43 pieces of rodent poop, 48 flies and handwashing issues in restaurant inspection fails

Much like this week for those with a job and not working on a holiday, “abbreviated” could describe this Sick and Shut Down List of South Florida restaurants that failed inspection.

So, let’s get to it so you can get back to remembering to pack the sunscreen, especially if you didn’t come with a lifetime supply of melanin.

What follows comes from Florida Department of Business and Professional Regulation restaurant inspections. We don’t control who gets inspected or how strictly the inspector interprets guidelines. We report without passion or prejudice, but with a side order of humor.

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In alphabetical order:

Bap Bistro, 149 NW 136th Ave., Sunrise — In giving Bap the once-over, the inspector left no stone unthrown: 41 total violations with 12 high priority violations.

If you’re looking for an upside, the only hairy things with legs among the high priority violations were humans.

“Employee with no hair restraint while engaging in food preparation.”

“Employee touched her face with hands, then touched cutting board and takeout container without washing hands first. Employee used cellphone, then portioned green onions without washing hands first.”

And pants drying is not approved. “Employee went from cleaning , then wiped wet hands on side of pants and then handled clean bowl without washing hands first.”

“Employees cut cabbage with bare hands then placed in walk in cooler.”

By the way, if you ate here and thought your food had a little extra texture that seemed like Lee Press-On Nails: “Employee with artificial nails/nail polish working with exposed food without wearing intact gloves.”

Humans didn’t create all the moving problems. There were flies, flies, flies, yeah, 48 of them by the inspectors count. They were concentrated in the rear prep area “landing on shelving, pots and pans, food storage shelving and containers of food” (15), by the ice machine and mop sink (10), in the men’s room (another 15). One landed on a cleaned and sliced sanitizer.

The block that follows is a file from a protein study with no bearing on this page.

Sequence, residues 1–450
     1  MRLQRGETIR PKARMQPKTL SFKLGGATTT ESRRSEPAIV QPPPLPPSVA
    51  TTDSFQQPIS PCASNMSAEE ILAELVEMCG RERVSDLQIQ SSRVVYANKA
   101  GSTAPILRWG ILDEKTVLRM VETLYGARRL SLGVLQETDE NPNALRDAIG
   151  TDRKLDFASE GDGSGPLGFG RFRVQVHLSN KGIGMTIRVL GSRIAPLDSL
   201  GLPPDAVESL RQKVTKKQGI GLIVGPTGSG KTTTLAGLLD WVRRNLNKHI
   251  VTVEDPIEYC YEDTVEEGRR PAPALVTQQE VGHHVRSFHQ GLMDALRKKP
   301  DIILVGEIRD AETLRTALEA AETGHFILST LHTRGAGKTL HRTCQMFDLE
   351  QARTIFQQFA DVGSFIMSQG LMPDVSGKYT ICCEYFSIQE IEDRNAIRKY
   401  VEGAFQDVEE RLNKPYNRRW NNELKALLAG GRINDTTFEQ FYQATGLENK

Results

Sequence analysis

We’re not sure how the slicer was sanitized as the inspector saw there was “No hot running water at three-compartment sink. Hot water shut off.”

We’re also not sure how that’s an Intermediate violation, by rule. The three-compartment sink is where cookware gets sanitized.

“In-use utensil stored in standing dirty water less than 135 degrees Fahrenheit at front counter. Spatulas in water at 84F by grill.”

Basic cleaning problems led to many Basic violations.

“Soil residue in food storage containers. Observed spice containers on top of microwave soiled.”

“Microwave exterior soiled. Walk-in cooler door soiled. Exterior of chest freezer and gaskets soiled. Gaskets soiled reach-in cooler at front line.”

“Cutting board(s) stained/soiled in rear prep area.”

The inspector dropped a Stop Sale on cooked sushi rice, which needed to be at 135 degrees, but was at 79 degrees and had been so for five hours.

Prepped onions weren’t covered in the walk-in cooler.

Despite the plethora of violations, the Bap got it together to pass inspection the following day.

Norb’s Moonshine & More, 342 E. McNab Rd., Pompano Beach — If this place has a Tom, he’s sleeping on the job because at least one Jerry marked some territory.

“Approximately 10 dry rodent droppings on the floor under the three-compartment sink at the bar on the west side and five dry droppings under the soda storage in the same area ... approximately six dry rodent droppings on the floor under the cooktop and two under the three-compartment sink ... approximately 12 dry (droppings) near the back door under a shelf and two dry rodent droppings on a shelf under the prep table next to the fryer.

“Approximately six in grease inside the fryer equipment door, unable to determine if fresh or dry.”

Wonder if the inspector originally counted the “three dead roaches next to the back door under a shelf” as rodent poop before taking a closer look.

The kitchen handwashing sink didn’t have any soap, but did have soiled wiping cloths. It’s unclear if this was the same handwashing sink that was “blocked by wood shelf and container on top.”

Also, we have to wonder what those cloths wiped to get soiled. Because, they certainly didn’t wipe down the walk-in cooler shelves (“build-up of mold-like substance on non-food contact surface”) and/or the walk-in freezer shelves (“soiled with encrusted food debris”).

Norb’s got it together enough to get open the next day, June 21.

Since 1989, David J. Neal’s domain at the Miami Herald has expanded to include writing about Panthers (NHL and FIU), Dolphins, old school animation, food safety, fraud, naughty lawyers, bad doctors and all manner of breaking news. He drinks coladas whole. He does not work Indianapolis 500 Race Day.